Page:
ESPcat (Electric Solar Powered Catamaran)
I am building a prototype, solar powered, floating classroom called the ESPcat (Electric Solar Powered Catamaran. I plan to change the world by replacing the fuel guzzling, noisy, polluting, power boats by demonstrating the advantages of solar powered boats. In addition, ESPcat will act as a floating classroom where students can learn all about he fabulous Hauraki Gulf's marine environment.
What conservation problem are you trying to solve?
Too many people don't appreciate the marine environment of the Hauraki Gulf. People see the water's surface and that is all. We need to protect the Hauraki Gulf and the creatures in it by teaching solar powered sustainability and marine ecology. We want to encourage the next generation to become experts on our marine environment by studying water quality and all aspects of marine ecology. We want them to look beneath the surface and study what can be done to help the Hauraki Gulf.
How are you going to solve this conservation problem?
Our floating laboratory will be like no other. Students will connect the ESPcat's electronic systems with their smart phones and tablets via a WiFi network. In addition to monitoring ESPcat's solar panels, batteries and electric motors, the smart devices will connect to marine charts, depth sounders, underwater cameras, water quality instrumentation, wind speed and direction.
What makes your idea new and unique?
ESPcat will be New Zealand's first, practical solar powered coastal cruiser. Boat designers and boat builders will be able to see that solar powered boats can replace the fuel guzzling, wave creating, environment destroying conventional power boats. We plan to make our solar electric propulsion system design available to everyone. We will change only enough to keep the project going.
Who will use your idea, and how will they benefit?
ESPcat will be available to as wide a range of people as possible. We have two areas of focus. First, our prototype will demonstrate that it is indeed practical to build a solar powered coastal cruiser. Boat builders and boat designers will be invited on board to learn how they can apply solar-electric propulsion technology as a replacement for fossell fuel burning engines. Secondly, our floating laboratory will be made available to educational groups giving them a pollution free platform.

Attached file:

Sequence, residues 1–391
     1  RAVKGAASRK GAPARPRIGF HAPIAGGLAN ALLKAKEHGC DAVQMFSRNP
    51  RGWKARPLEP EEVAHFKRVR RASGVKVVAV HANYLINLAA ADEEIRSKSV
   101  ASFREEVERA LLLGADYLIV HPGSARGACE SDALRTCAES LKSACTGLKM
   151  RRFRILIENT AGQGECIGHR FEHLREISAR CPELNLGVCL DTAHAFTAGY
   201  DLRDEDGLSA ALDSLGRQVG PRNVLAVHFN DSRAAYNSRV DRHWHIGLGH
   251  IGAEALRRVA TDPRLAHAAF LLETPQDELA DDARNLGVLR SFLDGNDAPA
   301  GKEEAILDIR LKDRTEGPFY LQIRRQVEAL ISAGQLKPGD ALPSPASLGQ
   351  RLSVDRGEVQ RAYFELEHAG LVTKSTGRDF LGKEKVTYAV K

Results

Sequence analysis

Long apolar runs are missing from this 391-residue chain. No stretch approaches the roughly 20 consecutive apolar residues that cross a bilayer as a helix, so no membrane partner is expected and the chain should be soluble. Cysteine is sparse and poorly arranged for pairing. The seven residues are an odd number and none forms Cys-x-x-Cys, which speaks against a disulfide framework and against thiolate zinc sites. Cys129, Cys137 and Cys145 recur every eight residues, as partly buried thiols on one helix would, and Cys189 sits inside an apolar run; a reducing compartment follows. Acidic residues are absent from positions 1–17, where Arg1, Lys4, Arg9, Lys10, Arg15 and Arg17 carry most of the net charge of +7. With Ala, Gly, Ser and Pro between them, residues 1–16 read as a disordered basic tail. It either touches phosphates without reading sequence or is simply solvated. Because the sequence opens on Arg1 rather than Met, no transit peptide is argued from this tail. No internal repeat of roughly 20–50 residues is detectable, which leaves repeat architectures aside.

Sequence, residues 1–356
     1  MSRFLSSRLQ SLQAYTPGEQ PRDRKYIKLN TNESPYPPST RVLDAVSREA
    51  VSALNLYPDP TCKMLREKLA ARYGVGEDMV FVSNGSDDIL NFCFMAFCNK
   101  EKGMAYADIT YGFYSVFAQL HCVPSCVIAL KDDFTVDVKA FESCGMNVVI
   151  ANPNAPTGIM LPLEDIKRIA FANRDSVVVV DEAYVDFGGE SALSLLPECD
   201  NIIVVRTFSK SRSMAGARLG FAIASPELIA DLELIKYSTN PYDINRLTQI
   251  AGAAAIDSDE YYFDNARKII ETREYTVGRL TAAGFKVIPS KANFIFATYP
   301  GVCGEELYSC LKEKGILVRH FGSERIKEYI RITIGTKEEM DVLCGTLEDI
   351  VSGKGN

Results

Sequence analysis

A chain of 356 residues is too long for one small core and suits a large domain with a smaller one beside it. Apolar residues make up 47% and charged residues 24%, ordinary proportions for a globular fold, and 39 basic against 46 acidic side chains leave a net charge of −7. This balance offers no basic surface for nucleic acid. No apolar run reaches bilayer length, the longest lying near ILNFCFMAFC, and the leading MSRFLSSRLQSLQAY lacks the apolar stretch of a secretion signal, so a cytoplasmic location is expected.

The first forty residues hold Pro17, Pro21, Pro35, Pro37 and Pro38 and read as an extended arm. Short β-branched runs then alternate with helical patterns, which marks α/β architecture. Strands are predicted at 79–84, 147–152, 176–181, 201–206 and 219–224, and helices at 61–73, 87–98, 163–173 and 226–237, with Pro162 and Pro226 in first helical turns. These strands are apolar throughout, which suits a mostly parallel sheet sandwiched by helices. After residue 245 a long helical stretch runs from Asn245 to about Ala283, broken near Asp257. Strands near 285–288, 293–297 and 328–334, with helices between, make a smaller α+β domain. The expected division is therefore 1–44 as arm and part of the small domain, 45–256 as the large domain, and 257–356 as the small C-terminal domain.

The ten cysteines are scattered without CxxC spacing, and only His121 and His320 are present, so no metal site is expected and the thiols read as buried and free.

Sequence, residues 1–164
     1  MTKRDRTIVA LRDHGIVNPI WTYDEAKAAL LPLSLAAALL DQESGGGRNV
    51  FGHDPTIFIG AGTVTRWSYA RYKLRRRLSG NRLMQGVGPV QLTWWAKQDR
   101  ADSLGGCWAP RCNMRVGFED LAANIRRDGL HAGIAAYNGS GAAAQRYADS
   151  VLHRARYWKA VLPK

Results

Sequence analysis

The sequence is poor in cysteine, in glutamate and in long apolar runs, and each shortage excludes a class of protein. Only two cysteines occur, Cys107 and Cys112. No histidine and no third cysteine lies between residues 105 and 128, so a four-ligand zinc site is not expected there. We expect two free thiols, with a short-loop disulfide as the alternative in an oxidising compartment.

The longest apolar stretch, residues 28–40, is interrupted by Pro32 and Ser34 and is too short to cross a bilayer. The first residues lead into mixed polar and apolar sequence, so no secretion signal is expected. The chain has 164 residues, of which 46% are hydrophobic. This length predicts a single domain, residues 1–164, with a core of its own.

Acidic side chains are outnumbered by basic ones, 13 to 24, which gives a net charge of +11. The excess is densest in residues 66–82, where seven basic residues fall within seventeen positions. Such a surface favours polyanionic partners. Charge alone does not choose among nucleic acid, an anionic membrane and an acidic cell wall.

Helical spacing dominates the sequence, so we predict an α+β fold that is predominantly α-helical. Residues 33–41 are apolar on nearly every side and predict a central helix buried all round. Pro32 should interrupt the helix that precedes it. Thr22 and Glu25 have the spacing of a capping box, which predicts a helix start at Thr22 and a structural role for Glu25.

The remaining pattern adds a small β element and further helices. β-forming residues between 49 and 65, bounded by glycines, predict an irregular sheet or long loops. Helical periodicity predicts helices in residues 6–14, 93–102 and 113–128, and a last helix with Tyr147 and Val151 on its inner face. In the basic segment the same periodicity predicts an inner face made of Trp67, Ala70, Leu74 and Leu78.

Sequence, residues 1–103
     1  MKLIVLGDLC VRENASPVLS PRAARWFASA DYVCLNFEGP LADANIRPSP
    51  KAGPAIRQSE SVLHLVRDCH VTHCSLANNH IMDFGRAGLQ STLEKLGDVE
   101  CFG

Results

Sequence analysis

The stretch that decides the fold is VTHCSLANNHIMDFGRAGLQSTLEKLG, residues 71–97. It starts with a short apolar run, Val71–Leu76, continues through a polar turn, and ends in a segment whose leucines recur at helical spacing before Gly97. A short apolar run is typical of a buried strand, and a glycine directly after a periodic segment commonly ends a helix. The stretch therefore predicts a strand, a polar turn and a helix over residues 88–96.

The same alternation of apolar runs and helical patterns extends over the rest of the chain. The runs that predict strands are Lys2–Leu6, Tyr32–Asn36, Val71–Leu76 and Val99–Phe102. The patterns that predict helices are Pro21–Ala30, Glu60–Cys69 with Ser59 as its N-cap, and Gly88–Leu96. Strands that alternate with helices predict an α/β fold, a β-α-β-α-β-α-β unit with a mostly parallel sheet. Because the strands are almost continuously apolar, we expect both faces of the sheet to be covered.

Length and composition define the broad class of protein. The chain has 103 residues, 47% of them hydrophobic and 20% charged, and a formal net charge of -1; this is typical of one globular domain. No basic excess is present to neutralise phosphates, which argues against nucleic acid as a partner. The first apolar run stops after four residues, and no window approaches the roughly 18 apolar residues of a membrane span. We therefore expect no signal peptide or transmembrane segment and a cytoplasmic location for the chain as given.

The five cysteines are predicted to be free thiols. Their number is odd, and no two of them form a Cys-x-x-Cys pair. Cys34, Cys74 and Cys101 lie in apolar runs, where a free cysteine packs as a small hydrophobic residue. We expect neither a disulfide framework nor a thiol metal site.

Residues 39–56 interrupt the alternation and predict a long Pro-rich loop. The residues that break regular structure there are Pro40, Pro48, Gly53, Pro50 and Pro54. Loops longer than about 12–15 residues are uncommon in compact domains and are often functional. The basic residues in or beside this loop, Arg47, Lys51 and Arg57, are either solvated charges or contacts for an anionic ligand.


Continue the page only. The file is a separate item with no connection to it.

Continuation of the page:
What tasks or activities do you need investment for? How would you spend a $25,000 grant?
So far, my wife Gallagher and I have funded the entire prototype ourselves. We are just about at the end of our self imposed, $36,000 budget and will use the $25,000 to purchase the remaining components for ESPcat. All our labor is free as is the labor of the volunteers involved in our project. Follow progress at https://espcatblog.wordpress.com/
Are you a New Zealand citizen or resident?
List five other ideas posted in the challenge that excite you. Why?
1 - Describe more clearly the conservation outcomes and how this project will benefit. First goal - demonstrate the viability of solar powered boats. Second goal - create an education platform to teach conservation.
2 - Will the craft allow a silent approach for monitoring wildlife above the water? Yes, we hope to have almost zero environmental noise impact.
3 - Getting our youth to investigate some of the environmental problems. We will create a set of downloadable student research projects.
4 - interested to know more about the sustainability of your project
We are developing a 25 year plan with 5 solar powered boats.
5 – What about protecting intellectual property?
We will commercialize our IP to create a NZ solar powered boat industry.
How could you improve your idea?
There are many ways the ESPcat project can be improved. The one that excites me at the moment is the idea of installing equipment to record and analyse underwater noise pollution. We want it WiFi enabled of course. I see multiple PHD projects here. We could definitly raise awairness of underwater noise pollution in the Gulf.